In the U.S., politicians have passed a $2 trillion stimulus package to soften the blow of the coronavirus crisis. But such a package alone may not be sufficient even when the fear of the virus is gone without policy innovation that must include – amongst others – offering zero-interest loans to households and small businesses plus a moratorium on mortgage payments for residential and commercial borrowers.

No one in our lifetime has ever come across a crisis of this sort, triggered by an unknown and unseen enemy that could kill so many so fast. No one could forecast the devastating effect of this virus - sobering politicians, policy makers, and financial pundits. Perhaps the only certainty is that any attempt at a definitive forecast will fail.

Who knows this virus may teach humanity to sober up and make them God-fearing, thus, putting their collective efforts to better the lives of all, away from militarization and self-destruction!

Does Religion Matter? Communal Violence in India

Ram Puniyani

 The carnage or to put it more precisely the anti Muslim violence in Delhi (February-March 2020) has shaken us all. Analysts are burning midnight oil yet again to understand the deeper causative factors of the same. One of the neglected aspects of analysis of communal violence has been the one related to prevalent factor of Caste in Indian society. Caste is inherent in the scriptures called as Hindu scriptures; caste has been the rigid frame work of Hindu society, which has also penetrated into other religious communities in India. The deeper connection between Hindu nationalism or Hindutva and caste has been explored somewhat but not too many studies have taken up the relationship between the communal violence and caste in India. Suraj Yengde (IE, Delhi Pogrom is an attempt to Divert attention from Government’s Failures, March 8, 2020) makes some points on this issue. Yengde points out, “Many are still downplaying the Delhi riot as an affliction of Hindutva or Hindu-Muslim binaries. It is neither. It is not religious but caste tensions that encourage such treacherous acts.”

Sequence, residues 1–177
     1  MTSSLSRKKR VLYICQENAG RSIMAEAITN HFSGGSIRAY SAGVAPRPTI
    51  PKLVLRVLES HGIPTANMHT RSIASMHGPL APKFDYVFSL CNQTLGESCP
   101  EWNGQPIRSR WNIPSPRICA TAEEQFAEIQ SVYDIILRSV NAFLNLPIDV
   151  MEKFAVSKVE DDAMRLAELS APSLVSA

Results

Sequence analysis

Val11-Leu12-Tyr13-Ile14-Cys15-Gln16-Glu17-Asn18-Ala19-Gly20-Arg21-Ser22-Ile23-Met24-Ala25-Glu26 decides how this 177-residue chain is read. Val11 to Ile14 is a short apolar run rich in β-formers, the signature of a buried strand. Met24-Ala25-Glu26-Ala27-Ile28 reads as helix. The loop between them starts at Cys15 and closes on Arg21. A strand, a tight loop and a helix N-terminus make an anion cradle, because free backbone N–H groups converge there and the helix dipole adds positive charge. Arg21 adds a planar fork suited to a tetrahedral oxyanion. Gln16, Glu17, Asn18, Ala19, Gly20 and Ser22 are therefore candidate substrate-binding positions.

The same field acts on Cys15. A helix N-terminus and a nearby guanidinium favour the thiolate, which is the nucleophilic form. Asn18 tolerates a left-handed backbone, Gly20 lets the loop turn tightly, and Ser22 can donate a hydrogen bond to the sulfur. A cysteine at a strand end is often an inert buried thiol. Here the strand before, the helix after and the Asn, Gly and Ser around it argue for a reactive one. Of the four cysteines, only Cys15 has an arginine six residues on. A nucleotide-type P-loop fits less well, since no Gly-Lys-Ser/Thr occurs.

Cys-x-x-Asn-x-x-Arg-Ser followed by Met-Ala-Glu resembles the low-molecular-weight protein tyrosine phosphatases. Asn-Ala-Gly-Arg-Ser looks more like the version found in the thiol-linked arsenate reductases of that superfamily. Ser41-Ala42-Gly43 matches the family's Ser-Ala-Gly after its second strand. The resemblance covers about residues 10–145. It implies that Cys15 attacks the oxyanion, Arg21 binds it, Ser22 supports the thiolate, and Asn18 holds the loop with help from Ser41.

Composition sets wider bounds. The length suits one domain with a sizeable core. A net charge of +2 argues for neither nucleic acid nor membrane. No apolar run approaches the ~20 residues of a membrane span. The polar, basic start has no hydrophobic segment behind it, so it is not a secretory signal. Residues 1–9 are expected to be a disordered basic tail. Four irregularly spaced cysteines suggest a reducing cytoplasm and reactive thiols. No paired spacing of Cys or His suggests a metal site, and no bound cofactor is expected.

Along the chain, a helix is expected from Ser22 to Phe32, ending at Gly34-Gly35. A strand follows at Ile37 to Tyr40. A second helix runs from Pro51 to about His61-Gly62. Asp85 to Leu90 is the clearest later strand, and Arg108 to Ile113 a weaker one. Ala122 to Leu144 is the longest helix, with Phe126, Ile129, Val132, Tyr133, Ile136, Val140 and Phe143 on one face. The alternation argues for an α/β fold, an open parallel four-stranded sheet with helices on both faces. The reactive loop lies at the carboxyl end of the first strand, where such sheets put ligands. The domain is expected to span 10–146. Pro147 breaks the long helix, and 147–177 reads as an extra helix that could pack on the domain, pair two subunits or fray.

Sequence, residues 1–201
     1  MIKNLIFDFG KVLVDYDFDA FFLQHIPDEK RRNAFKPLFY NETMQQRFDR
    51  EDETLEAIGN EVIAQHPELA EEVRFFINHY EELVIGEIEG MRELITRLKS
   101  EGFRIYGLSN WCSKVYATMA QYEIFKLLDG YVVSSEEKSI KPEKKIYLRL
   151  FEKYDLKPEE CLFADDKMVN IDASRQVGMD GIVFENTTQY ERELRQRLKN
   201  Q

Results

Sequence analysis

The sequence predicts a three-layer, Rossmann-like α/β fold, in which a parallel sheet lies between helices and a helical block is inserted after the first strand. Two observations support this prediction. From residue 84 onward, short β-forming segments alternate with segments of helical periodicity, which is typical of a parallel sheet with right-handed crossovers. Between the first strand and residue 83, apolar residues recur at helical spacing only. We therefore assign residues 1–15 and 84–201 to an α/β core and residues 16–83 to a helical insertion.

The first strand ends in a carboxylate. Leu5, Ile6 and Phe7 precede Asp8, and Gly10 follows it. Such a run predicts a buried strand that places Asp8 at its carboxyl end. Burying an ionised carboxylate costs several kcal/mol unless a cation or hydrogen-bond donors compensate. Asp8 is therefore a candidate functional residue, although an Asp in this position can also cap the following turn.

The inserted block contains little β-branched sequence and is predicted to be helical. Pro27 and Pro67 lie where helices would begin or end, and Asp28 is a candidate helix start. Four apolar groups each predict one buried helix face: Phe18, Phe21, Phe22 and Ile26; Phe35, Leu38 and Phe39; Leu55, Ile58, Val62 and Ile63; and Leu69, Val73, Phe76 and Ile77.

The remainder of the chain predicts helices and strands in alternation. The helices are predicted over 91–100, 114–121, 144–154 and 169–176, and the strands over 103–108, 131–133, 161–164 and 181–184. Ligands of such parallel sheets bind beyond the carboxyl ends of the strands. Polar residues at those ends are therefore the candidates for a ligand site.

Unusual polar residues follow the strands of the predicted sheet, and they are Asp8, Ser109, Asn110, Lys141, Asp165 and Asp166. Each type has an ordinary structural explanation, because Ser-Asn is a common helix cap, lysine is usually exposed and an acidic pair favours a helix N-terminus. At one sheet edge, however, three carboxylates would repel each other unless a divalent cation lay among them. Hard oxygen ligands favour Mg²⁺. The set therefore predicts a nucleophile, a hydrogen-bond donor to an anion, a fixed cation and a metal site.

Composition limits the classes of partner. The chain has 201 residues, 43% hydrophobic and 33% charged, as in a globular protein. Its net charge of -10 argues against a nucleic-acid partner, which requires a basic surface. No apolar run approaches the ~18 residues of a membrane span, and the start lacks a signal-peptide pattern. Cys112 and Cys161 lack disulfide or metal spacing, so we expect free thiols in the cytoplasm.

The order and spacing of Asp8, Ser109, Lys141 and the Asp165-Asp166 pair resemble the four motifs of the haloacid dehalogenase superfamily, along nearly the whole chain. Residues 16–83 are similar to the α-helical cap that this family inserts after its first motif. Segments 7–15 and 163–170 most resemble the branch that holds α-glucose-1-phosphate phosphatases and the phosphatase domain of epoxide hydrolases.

He quotes from the Gujarat activist Raju Solanki, “in the 2002 Godhra riots there were 2,945 arrests in Ahmadabad. Of these, 1,577 were Hindus and 1,368 Muslims. Among the Hindus arrested, 797 were OBCs, 747 Dalits, 19 Patels, two Baniyas, and two Brahmins. The upper castes became MLAs, the rest were jailed. Also, it is not an accident that Dalits constitute nearly 22% of the total arrests in India; Adivasis 11%, Muslims 20% and OBCs 31%. More than 55% of under trials also come from the same communities (NCRB 2015).”

While this data is on the dot it must be stated that while caste has lot of role in the emergence of politics of Hindutva, in the resultant violence the primary focus has been religion, here caste plays a role which is secondary in some ways. To trace the outline of the Hindu nationalism’s prime mover RSS; one can definitely say that its formation and rise is primarily due to the rising caste consciousness and the beginnings of struggles aimed at injustices due to the caste Varna System. While Hindu Mahasabha was already on the scene as parallel and opposite to the Muslim League, these formations initially had only Kings and landlords. Later these formations were joined in by some elite, affluent sections of society.